The other day I came across a photo of Facebook’s community guidelines.
Now, I already knew that these social media platforms do not allow so-called “female nipples.” I knew that many of my friends have had posts taken down for simply mentioning the word “sex.”
I was blocked from making new posts on Instagram for 3 weeks with no explanation when I went viral in February for putting menstrual blood on my face.
What I did not know was that Facebook makes very specific exceptions, apparently, for when women’s nipples are acceptable and when they are not.
And I did not know that one of those exceptions, as you can clearly read in the photo above, is for an act of protest.
I decided to test it.
I made this post (essentially the same photo you see above, without my nipples covered) and accompanied it with words explaining what I am protesting (you can see the original text here. )
It was a challenge — I wanted to see if Facebook would stick to their own, clearly stated policy, or if my nipples were going to be policed after all.
They took it down immediately. I clicked for them to review it, and much to my surprise, they put it right back up.
“We’re sorry we got this wrong,” they said. “This photo does meet our community guidelines.”
When I woke up the next morning, the photo had around 100 shares. By the end of the day, it had around 1000. By the time the post was finally taken down, 4 days later, it had around 30k comments (on the photos combined), and around 8k shares.
This time, Facebook removed it without any opportunity for my response. “This photo does not meet our community standards,” they said. “If you post it again, your account may be banned or temporarily blocked.”
The only option they gave me was to delete the post.
Facebook not following their own guidelines aside, let’s talk about these guidelines for a moment.
Breasts are allowed. The sexualization of breasts is allowed — there are lots of photos in girls in lingerie and tiny bikinis all over these platforms.
My breasts are allowed until my nipples are shown.
My nipples are allowed to be shown if I am feeding a baby. My nipples are allowed to be shown if I have breast cancer and am undergoing treatment. My nipples are theoretically allowed to be shown as an act of protest, but as we see here, not really.
My nipples, apparently, are appropriate for society only if I am sick or if I am nurturing a child.
Otherwise, the addition of my nipple to my breasts makes them way too sexual, and I am not allowed to show them.
There are so many nuances to this absurd guideline: who gets to judge what nipples are female? What if a trans man shows their nipples? What about a trans woman? What about a woman without breasts? What is so sexual about my nipple itself that makes it inappropriate?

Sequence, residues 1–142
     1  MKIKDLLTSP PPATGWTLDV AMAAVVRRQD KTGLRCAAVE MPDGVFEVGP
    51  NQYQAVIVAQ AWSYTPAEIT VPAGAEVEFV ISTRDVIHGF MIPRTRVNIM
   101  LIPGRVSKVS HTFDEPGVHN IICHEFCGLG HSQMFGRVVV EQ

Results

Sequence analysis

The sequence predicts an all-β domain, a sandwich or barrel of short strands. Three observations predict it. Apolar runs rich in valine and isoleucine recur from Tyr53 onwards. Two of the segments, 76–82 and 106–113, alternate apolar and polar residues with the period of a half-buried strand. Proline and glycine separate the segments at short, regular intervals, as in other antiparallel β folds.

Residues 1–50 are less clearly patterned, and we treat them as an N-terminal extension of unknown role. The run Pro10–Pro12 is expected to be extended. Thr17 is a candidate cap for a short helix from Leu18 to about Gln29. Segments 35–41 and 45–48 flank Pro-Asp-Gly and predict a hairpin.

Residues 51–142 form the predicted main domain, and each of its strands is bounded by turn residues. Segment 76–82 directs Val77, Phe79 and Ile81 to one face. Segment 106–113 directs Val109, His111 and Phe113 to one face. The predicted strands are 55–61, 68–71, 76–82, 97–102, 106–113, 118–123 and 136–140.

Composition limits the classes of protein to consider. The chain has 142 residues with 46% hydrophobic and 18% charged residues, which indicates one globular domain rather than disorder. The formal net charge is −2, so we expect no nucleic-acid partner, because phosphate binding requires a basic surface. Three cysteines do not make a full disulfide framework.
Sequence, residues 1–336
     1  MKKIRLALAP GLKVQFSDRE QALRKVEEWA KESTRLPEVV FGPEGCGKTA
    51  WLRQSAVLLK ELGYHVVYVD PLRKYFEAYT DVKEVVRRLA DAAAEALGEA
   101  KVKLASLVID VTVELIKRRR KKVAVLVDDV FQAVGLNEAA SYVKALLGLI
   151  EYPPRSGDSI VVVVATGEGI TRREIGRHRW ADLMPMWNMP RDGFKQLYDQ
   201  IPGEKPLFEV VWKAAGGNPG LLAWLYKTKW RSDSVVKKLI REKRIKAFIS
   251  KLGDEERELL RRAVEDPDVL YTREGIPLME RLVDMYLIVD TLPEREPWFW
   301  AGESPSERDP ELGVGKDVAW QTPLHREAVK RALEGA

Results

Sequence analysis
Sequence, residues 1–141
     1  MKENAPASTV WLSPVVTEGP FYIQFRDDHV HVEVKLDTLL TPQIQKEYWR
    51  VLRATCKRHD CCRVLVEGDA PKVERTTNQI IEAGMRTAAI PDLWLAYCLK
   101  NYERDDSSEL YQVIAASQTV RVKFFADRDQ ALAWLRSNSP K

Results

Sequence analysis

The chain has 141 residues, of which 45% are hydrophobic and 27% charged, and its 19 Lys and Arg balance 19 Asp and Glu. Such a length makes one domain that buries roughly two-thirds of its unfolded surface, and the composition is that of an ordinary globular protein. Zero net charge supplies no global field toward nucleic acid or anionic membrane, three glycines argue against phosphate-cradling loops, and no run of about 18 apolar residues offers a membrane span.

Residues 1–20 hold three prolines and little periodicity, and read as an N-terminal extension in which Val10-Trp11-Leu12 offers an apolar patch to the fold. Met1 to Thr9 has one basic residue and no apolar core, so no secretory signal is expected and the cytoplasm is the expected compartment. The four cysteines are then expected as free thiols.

Why are some posts banned and deleted, while some posts are not? Why can a man make an Instagram account all about nice asses, while a woman empowered in her sexuality, dancing clothed around a pole, cannot post?*
Though it would be nice to experience the wind hitting my bare breasts on a daily basis (and omg, have you ever swam topless?), that’s not the sole reason I’m concerned about the inequality of nudity laws.
When some bodies are forced to be hidden, when some bodies are told that their inherent nature is too sexual for society to see, when some people are told that their bodies need to be covered to not attract attention…..
… that is when we have a culture where rapists aren’t prosecuted, abortion bans come into law, and everyone lives drowning in shame.
I experienced the most disgusting internet comments I have ever seen (and I’ve seen a lot) from this post going viral. If you want to skim through them, go to the post I linked above. I won’t mention them here, except for two gentler comments which made me sad:
One woman wrote to me: “You should be disgusted with yourself. Your body is no longer special, the whole world has seen it. You’re just another lost porn star now.”
So many people wrote: “I bet your boyfriend is happy now that everybody else has seen your body.”
I don’t think my body’s inherent value comes from whether or not people have seen it, touched it, or fucked it.
I would not date a man who thought that my body’s worth decreases the more it is seen.
I do not think I am less deserving of love, safety, or belonging just because hundreds of thousands of people have seen my naked breasts.
I am tired of other people policing my body. I am tired of being told what outfits are appropriate for me to wear. I am tired of being told that my body must give life. I am tired of being in physical danger because of what my body looks like.* I am tired of people telling me that patriarchy is not a thing because they don’t see the evidence of it in their lives.
I think that if Facebook and Instagram want to stay relevant, they need to stop instituting sexist policies. (And this article did not even touch on the fact that they regularly support racist white people but ban black people for talking about race**).
As I said in my now-deleted post, I think that abortion bans are toward the top of a pyramid whose base is made up with cat-calling and my nipples being deemed too sexual to show in public.
And at the very least, I want to see Facebook and Instagram clearly state their blatantly sexist policies, instead of writing one thing and silencing anything that challenges it.
*Many sex coaches, pole dancers, and sex workers are continually banned from these platforms, even when not posting sexual images or soliciting sex. This happens because people have such hatred toward empowered women that they continually report their posts. See Lux Atl’s post here, for example.
**I understand that the bodies of LGBTQA+ people and people of color are policed far more than mine. To read about how Facebook and IG silence people of color from talking about race, this article is good.